What do you see here?
What can you do here?
What do you think is going on here?
What do you think that does?
Why do you think that’s there?
What’s your opinion of ___ ?
What do you think of ___ ?
Why do you say that?
What do you think will happen next?
What do you want to do next?
Keeping it moving
What are you wondering?
What are you looking for?
Is there a particular word you’re looking for?
What would you do to figure this out if I weren’t here?
Are you saying that ___ ?
I think I heard you say ____. Does that capture it?
Is it fair to say that ___ ?
Is it accurate that ___ ?
How was that experience overall?
Anything confusing? Anything difficult?
How was that compared to your expectations?
What would you change?
By Molly Wilson, 2015. Thanks to Mia O’Neill, Julie Stanford, Kim Ladin, and Jenny Mailhot.
License: Creative Commons Attribution-NonCommercial-ShareAlike.
Professional Knowledge and IoT
Blog post by
on 03 Mar 2017
This year's Consumer Electronics Show (CES ‘17) showcased numerous internet of things (IoT) devices but was found wanting when it came to security concerns. In his UX of IoT report from CES, Scott Jenson assesses that “companies really, really, REALLY want to make home automation systems,” but how can we begin to consider the ethics when developers don’t even consider security risks?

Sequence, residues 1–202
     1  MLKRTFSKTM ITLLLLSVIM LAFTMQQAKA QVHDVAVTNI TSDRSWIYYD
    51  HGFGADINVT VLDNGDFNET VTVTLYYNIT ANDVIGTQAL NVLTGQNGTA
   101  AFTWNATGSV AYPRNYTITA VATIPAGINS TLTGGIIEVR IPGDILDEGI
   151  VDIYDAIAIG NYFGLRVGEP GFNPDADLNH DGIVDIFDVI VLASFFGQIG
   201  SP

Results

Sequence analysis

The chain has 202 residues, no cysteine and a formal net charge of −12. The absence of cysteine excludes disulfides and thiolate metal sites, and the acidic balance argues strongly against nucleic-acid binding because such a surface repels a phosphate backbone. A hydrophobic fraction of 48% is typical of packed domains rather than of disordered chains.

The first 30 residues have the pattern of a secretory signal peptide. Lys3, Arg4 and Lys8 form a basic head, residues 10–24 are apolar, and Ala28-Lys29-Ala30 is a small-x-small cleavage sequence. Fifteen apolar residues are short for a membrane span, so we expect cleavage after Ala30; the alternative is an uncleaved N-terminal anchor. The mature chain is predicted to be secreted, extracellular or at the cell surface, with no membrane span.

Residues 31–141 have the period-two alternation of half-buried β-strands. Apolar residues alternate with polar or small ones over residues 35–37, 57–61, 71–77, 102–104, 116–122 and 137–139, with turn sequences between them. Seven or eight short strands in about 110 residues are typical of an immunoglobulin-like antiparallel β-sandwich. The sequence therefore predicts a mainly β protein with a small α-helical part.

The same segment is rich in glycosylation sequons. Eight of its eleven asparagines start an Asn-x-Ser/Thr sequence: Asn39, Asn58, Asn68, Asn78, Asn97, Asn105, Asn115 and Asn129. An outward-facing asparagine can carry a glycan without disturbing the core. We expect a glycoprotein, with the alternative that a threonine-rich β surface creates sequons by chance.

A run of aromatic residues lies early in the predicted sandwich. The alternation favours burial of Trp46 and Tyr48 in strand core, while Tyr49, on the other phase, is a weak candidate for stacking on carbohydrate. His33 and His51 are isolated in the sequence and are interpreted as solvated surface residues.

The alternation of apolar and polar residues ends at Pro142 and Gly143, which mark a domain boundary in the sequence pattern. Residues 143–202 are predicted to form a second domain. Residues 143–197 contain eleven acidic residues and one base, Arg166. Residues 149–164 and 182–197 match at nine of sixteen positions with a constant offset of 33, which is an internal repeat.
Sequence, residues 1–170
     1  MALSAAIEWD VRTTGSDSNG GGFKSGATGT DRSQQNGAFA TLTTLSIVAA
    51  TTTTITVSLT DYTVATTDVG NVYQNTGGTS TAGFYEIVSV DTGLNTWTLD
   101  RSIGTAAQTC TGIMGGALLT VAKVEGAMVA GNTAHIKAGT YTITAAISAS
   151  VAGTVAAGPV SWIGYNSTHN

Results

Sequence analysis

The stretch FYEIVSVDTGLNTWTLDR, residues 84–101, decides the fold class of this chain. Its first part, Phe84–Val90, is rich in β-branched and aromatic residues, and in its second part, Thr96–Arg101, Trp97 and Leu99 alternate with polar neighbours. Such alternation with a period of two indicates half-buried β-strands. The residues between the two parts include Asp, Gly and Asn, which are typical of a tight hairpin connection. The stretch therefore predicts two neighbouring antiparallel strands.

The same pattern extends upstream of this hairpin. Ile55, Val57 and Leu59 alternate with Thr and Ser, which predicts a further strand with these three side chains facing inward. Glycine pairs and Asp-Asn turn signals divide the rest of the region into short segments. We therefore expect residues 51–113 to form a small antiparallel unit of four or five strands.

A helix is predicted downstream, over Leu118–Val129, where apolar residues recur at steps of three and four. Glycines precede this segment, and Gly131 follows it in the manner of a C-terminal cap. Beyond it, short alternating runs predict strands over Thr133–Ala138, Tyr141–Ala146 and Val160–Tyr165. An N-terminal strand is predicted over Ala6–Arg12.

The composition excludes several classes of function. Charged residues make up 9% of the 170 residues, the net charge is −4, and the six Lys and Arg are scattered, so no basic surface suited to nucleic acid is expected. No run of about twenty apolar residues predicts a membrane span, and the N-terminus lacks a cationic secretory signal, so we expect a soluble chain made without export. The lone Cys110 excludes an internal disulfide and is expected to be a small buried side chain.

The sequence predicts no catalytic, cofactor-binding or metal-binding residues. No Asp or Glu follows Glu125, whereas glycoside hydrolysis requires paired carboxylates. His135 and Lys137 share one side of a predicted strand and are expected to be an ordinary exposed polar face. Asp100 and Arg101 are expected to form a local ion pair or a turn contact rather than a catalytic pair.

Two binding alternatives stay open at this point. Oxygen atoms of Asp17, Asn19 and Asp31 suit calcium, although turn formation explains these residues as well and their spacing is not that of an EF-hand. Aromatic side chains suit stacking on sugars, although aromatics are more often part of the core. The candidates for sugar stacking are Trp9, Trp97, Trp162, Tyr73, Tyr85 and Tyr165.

IoT systems pose two security challenges. First, they can be manipulated as surveillance infrastructure to target vulnerable people.
On Trust and Transparency: Perspectives from Luminate's portfolio
Blog post by
on 17 Jul 2019
In June 2018, Luminate commissioned Simply Secure to conduct human-centered design (HCD) research focused on uncovering grantees’ experiences of the funding process. The report highlights insights, feedback — including anonymized quotes and comments, and recommendations synthesized from 20 interviews + 53 survey responses.
Selecting Research Participants for Privacy and Beyond
Blog post by
on 03 Jun 2016
A screener is a questionnaire that helps researchers recruit the most appropriate participants for their user study research.
Here is an example we used for our mobile messaging study in NYC. Blue Ridge Labs handled the recruiting. Most of this screener's questions are a standard part of how they work with potential participants. Our questions, in red, focus on messaging and attitudes towards privacy. Additional questions about VPN use, email, and getting online were for our Fellow Gus Andrews's research.